Bridgen told BuzzFeed News on Thursday: “I have no intention of commenting on historic private WhatsApp conversations.”
The most intense anger, the chats reveal, has been directed at the Remain-supporting backbenchers who’ve been lobbying to soften May’s Brexit policies — the likes of Soubry, Nicky Morgan, Dominic Grieve, Sarah Wollaston, and Heidi Allen. It became especially fierce when parliament began debating the detail of the EU withdrawal bill, the legislation underpinning Britain’s departure.
In mid-November, the Daily Telegraph, a strongly pro-Brexit newspaper, called 15 Remain-supporting Tory backbenchers “mutineers” on its front page, because they were preparing to challenge the withdrawal bill. It immediately triggered a backlash on social media and several moderate Tories rallied to defend the Remainers. Trying to de-escalate the conflict the next morning, Suella Fernandes, the chair of the ERG at the time (she was promoted to be a Brexit minister in January), messaged her Eurosceptic colleagues asking them to be calm and constructive.
“No one can think the Telegraph’s front page this morning did us and Brexit any good,” Fernandes said at 9:20am on 15 November. “We will all still be colleagues once this is over. And we will need to pull together. The prospect of both losing Brexit, and gaining Corbyn, are too dreadful to contemplate.”
But the Brexiteers’ fury at their colleagues was entrenched.
“It would appear they are rather enjoying it,” Dorries said of the rebels. Anne Main said she and others in the Commons had been faced by a “harpy chorus” of Remainers shouting at them from their own benches. (Dorries added, weeks later, that unnamed MPs had “tried to bully [Main] out of the chamber”, but she “fought back by continually sitting next to them, until they moved”.)
Tension between the factions grew even worse in mid-December when a handful of Tory Remainers opposed the government to force through an amendment giving parliament a say on the final Brexit deal, inflicting on May her first defeat in a Brexit vote.
Moments after that vote went through on the night of 13 December, Dorries sent a WhatsApp message to the ERG: “That defeat has put a spring in Labours step. Given them a new lease of life, a taste of what winning feels like and a weekend of joy ahead whilst the media focus on the PM, the vote and write about party splits and weaknesses. It may not make much difference to Brexit, but it will to our standing in the eyes of the electorate.”
Dorries and other ERG supporters couldn’t help but express their anger publicly. “They should be deselected and never allowed to stand as a Tory MP ever again,” she tweeted. Fabricant tweeted that the Remainers “should be ashamed of themselves”. Andrea Jenkyns tweeted that she was “disgusted”.
In the ERG’s WhatsApp group, some Brexiteers warned that the amendment would lead to Britain staying in the EU’s single market, something they've adamantly opposed.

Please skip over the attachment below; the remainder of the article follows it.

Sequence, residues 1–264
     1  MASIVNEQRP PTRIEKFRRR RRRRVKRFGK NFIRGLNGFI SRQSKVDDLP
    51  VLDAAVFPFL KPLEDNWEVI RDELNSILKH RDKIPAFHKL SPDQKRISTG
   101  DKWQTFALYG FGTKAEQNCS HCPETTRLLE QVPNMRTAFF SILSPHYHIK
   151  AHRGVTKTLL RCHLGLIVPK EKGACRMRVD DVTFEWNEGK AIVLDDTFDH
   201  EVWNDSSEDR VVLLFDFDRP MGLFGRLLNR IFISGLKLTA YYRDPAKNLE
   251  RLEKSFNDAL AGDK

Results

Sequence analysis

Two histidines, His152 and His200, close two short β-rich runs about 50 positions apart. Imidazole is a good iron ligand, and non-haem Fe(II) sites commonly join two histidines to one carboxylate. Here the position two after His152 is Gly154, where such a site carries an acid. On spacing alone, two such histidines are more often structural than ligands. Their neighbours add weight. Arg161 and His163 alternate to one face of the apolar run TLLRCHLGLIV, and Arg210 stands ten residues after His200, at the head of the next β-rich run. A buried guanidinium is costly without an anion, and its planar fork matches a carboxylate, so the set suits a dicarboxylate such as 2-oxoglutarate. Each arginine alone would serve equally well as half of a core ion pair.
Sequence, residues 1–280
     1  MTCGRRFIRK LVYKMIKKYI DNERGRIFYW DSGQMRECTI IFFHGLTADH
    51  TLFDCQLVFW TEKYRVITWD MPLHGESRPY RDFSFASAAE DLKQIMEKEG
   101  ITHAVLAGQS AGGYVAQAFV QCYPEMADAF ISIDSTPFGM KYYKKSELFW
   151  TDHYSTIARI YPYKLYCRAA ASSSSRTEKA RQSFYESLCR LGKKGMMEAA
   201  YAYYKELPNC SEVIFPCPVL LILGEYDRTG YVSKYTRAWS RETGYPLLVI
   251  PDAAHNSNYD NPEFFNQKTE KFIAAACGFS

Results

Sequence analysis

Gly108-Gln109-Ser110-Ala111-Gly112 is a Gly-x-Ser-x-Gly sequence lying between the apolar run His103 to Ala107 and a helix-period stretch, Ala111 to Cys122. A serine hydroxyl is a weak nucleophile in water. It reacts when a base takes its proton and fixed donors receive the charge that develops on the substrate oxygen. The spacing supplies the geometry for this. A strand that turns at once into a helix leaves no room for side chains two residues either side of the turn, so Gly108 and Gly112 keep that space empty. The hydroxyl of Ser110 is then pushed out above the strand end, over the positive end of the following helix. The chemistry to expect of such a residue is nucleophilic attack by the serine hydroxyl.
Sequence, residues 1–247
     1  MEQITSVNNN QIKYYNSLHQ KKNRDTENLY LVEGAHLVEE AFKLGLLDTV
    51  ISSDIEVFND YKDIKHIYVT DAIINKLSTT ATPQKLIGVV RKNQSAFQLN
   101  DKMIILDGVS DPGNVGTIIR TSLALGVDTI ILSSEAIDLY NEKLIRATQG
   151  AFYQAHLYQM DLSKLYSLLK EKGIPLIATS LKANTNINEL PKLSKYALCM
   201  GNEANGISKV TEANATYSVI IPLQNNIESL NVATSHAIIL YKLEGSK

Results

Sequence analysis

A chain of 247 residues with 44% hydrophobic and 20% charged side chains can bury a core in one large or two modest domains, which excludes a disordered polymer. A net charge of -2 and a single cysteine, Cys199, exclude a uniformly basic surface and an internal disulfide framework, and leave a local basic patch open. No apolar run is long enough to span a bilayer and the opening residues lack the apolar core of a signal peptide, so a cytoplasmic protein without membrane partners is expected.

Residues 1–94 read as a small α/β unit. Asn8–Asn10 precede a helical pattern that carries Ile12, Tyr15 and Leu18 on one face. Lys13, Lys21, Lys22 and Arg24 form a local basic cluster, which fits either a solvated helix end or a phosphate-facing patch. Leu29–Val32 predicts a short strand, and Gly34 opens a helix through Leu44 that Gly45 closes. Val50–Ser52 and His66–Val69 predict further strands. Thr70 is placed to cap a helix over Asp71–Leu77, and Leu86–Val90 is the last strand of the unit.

“Being nice to them is very definitely a strategy that is not working,” Dorries told her colleagues.
“I hope none of the rebel’s [sic] are still on this whatsapp!” said Pauline Latham.
Main added that a group of unhappy lawyers with “oh so clever brains” are “hoping to drag things down into a legal morass until we have a change of gov and then we can all go back to cosy EU status quo.”
Philip Davies said the government had been backed into a corner “because the rebels are all condescending arseholes”.
“I hope with this the days of 11 Tories dictating to over 300 colleagues will now have a line drawn under it,” Davies added. “Some of our patience is wearing very thin with people who voted for a referendum and are now seeking to frustrate the result because they didn’t get the result they wanted or expected.”
Paul Scully, the MP for Sutton and Cheam, who is now overseeing the Conservatives’ campaigning in London, urged the ERG not to overreact. “Just don’t box them in,” Scully said. The Telegraph’s “mutineers” front page had backfired on the Brexiteers because it emboldened their rivals. “Putting the heat on is one thing but circling your enemy with no exit means there’s nothing to lose,” Scully said.
May’s speech at the Mansion House last week temporarily cooled the enmity between the Tory factions.
For now, the prime minister’s appeal to her party’s warring MPs to compromise has been cautiously accepted by senior figures on both sides, buying her time and pushing the Tory infighting out of the headlines. According to well-placed Conservative sources, the Leavers have been persuaded that challenging May now won’t change the fact that there isn’t a parliamentary majority for a hard Brexit, but it would begin a chain of events that results in Corbyn becoming prime minister.
But party insiders don’t expect the truce to last long. The divisions are so deep. The stakes are so high. Several critical Brexit decisions have to be made in the next few months — transition, Northern Ireland, customs, the “end state” — that will inevitably provoke another ferocious conflict between the Tories’ rival factions. The civil war is far from over.
Alex Spence is a senior political correspondent for BuzzFeed News and is based in London.
Contact Alex Spence at firstname.lastname@example.org.